One of the teachings was that tithing to Yahweh was part of the
path to salvation. The Jordans wanted to pay, and when the cash
was short they paid in food stamps.
Hawkins did not teach from the pulpit that food stamps should
be given, Jordan said, but his elders told people they could be
Receipts used when tithes were collected included three boxes:
"cash," "check" and "other," she
said. While "other" presumably could mean credit card
or donated goods, Jordan said the message was clear: food stamps.
Jordan also used food stamps, she said, to obtain "Yahweh
money" to spend at the Yahweh Store, actually an 18-wheel
trailer set up during feasts and offering everything from Yahweh
publications to Mogen David wine.
The Jordans later moved to Mississippi, and continued to travel
to Abilene for feasts, depositing food stamps as part of their
Mississippi took notice, however. And while Jordan's husband was
now working, the couple was under-reporting his income so they
could stay on food stamps. They needed the money to live, she
said, because so much was going to the House of Yahweh.
Other former members have made similar claims that they've given
thousands of dollars to the sect. Jordan said she could not recall
how much she and her family have given.
Last September Jordan, who had moved back to Abilene, received
word there was a warrant out for her arrest in Mississippi. Someone,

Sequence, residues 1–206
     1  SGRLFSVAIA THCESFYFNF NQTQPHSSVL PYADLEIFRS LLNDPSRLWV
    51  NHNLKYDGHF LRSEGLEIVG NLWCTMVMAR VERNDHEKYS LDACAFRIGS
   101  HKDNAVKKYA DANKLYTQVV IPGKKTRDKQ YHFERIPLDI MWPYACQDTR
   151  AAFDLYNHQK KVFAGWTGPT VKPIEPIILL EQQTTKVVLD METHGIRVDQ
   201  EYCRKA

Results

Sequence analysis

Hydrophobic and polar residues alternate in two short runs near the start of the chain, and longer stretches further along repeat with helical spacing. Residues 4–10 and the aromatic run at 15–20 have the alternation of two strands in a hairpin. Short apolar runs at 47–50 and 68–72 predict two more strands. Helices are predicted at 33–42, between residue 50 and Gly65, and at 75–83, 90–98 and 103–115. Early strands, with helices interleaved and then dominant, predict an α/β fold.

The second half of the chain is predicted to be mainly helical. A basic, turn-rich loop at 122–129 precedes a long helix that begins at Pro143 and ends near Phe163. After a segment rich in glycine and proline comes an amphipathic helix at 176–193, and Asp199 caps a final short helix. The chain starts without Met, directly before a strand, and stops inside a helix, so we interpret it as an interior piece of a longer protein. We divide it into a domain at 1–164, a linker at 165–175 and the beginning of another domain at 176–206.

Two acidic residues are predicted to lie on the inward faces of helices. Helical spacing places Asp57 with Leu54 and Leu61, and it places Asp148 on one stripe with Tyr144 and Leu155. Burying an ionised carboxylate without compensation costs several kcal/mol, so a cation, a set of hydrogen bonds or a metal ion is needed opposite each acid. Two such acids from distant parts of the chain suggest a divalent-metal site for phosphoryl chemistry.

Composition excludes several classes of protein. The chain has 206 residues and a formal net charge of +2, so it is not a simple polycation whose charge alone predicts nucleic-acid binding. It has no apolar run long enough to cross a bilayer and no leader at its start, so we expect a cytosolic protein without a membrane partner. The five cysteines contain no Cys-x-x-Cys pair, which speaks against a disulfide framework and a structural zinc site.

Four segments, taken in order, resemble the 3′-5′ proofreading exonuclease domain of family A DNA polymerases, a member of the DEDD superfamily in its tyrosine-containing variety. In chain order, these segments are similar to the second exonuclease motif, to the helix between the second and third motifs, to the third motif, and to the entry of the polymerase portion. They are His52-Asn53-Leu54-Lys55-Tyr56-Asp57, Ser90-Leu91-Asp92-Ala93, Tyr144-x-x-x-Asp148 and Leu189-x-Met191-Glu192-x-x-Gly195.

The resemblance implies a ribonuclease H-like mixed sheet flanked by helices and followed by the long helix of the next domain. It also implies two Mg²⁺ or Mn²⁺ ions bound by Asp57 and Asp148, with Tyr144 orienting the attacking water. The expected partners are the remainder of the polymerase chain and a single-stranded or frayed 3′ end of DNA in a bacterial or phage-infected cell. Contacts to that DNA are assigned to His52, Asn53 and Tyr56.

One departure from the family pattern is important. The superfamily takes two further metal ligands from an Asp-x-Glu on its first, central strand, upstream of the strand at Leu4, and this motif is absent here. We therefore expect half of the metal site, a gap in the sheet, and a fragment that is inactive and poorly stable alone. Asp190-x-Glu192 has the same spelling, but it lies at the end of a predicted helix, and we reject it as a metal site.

she doesn't know who, had turned her in for the underreporting.
She traveled to Mississippi to take care of the matter. She entered
into the equivalent of a deferred adjudication plea agreement,
meaning the charge won't stick if she pays $1,760 in restitution,
plus court costs, a fine and a $30-per-month administrative fee.
Jordan knew blaming the House of Yahweh was no defense.
"I knew they were going to catch me someday," she said.
Even today she admits that what she did was clearly wrong and
that ultimately it's her responsibility, not the House of Yahweh's.
But she and others say they want the public informed about what
is happening in the sect, despite concern for their personal safety.
Once a person leaves the sect he or she "is no longer considered
innocent blood, Jordan said. "They can shed your blood if
they so desire."
The rift in the sect, ex-communicants said, developed over such
matters as teaching of polygamy and, most recently, encouragement
that followers change their last names to Hawkins. Well over 100
people have legally changed their names in past months.
Leaving was difficult, Jordan said, noting the sect follows the
path of other cults that teach rules must be followed concerning
every facet of their lives, down to the kind of toothpaste to
But last Christmas Eve, in the Mississippi Baptist Church where
she grew up, she made the final break.
"I went back to that little church and rededicated my life
to Jesus Christ," she said.
All content copyright 1996, Richard Horn,
Loreta Fulton,The Abilene Reporter-News and Reporter OnLine
Send a Letter to the Editor about This
Story | Start or Join A Discussion about This Story
Send the URL (Address) of This Story
to A Friend:
Abilene Reporter-News / Texnews / E.W. Scripps Publications